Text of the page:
At the 76th UNITAR Hiroshima Public Session held in collaboration with ANT-Hiroshima on 23rd October 2013, it was revealed that most of the trees which survived the atomic bombing of 6th August 1945 lean towards the hypocenter.
The discovery was made by Masakazu Suzuki, professor of landscape architecture at the University of Tsukuba, Nagisa Owaki, a student at the University of Tsukuba’s Graduate School of Comprehensive Human Sciences, and Chikara Horiguchi, a tree surgeon who lives in Hiroshima.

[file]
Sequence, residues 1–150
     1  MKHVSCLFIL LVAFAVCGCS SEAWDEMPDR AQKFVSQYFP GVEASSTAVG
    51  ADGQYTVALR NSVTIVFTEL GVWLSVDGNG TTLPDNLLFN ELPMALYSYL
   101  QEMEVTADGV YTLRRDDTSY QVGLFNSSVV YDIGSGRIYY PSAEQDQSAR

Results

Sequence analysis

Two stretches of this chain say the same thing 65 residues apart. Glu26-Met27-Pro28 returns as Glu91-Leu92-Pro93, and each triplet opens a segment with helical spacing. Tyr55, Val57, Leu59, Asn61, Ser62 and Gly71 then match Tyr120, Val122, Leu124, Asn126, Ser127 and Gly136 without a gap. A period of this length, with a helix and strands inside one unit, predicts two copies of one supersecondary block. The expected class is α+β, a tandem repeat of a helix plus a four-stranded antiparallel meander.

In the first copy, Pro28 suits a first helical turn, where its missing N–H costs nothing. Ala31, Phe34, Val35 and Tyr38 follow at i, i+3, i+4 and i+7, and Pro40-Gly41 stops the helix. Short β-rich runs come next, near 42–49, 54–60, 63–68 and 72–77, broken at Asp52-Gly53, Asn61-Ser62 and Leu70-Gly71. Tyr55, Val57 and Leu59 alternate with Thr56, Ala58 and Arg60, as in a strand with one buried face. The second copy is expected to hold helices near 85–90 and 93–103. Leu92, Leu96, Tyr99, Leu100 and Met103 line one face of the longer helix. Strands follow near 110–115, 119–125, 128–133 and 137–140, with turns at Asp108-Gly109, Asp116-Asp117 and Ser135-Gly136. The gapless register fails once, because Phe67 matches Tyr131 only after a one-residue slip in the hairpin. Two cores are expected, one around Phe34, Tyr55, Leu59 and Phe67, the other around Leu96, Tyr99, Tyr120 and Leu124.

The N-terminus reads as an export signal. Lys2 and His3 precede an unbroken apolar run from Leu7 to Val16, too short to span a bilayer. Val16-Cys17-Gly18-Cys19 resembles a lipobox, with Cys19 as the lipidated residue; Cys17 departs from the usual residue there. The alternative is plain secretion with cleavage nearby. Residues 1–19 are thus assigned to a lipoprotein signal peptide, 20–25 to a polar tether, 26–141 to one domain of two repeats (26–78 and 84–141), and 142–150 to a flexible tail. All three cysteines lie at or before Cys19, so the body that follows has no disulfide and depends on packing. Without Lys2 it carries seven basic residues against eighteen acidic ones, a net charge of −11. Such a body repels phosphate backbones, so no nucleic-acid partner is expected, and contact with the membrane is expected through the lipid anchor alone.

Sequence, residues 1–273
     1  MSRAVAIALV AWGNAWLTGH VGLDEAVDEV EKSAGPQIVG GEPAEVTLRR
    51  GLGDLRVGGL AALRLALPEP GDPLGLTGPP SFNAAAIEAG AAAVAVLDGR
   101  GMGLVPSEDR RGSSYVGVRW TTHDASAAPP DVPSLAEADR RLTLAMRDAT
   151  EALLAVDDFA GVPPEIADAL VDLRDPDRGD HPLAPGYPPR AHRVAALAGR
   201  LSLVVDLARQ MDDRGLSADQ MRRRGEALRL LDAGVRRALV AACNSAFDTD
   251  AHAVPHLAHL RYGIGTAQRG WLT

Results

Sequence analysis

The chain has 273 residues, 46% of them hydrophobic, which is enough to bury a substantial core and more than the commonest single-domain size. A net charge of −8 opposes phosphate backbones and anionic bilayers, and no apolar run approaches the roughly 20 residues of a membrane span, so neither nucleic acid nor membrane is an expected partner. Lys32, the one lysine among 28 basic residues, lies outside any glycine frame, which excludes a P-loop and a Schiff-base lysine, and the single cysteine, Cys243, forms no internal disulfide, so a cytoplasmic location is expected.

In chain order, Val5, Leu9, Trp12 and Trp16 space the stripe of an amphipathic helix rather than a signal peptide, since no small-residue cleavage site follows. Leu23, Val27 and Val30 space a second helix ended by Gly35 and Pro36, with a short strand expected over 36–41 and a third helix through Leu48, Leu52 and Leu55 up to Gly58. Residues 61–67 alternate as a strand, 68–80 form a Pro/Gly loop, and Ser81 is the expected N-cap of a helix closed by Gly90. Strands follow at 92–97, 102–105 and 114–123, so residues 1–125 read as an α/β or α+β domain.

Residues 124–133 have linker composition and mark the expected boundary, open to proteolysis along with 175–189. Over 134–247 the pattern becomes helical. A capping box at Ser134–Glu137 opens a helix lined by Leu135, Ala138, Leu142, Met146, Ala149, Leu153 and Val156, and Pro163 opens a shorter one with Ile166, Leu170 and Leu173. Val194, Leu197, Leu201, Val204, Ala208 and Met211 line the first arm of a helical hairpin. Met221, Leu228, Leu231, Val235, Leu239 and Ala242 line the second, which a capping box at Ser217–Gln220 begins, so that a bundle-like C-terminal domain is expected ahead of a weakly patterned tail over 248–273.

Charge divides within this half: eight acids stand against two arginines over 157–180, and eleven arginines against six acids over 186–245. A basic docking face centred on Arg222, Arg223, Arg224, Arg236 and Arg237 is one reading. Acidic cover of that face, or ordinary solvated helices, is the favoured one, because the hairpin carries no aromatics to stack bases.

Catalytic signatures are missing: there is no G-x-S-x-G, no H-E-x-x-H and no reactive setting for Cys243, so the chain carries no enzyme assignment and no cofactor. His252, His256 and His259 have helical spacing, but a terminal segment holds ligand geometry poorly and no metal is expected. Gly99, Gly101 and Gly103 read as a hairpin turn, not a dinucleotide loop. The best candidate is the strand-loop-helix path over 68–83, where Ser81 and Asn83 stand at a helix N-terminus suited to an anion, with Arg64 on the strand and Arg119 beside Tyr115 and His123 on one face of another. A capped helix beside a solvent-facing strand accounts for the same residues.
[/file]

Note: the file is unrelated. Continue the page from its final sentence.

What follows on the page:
The researchers believe that the trees lean towards the hypocenter because the cells on the side of the trunk facing the hypocenter were damaged by the heat and radiation of the bomb, causing that side grow more slowly than the other.
Fifty-six of a total of about 170 survivor trees with single trunks up to two kilometers from the hypocenter were selected for the study. Of these 56 trees, twenty-seven were excluded from the study as they had either been relocated or the trunk had been too severely burned. Of the remaining twenty-nine trees, twenty-three leaned to some degree towards the hypocenter.
The findings were covered in a report by Sakiko Masuda, Staff Writer of the Chugoku Shinbun.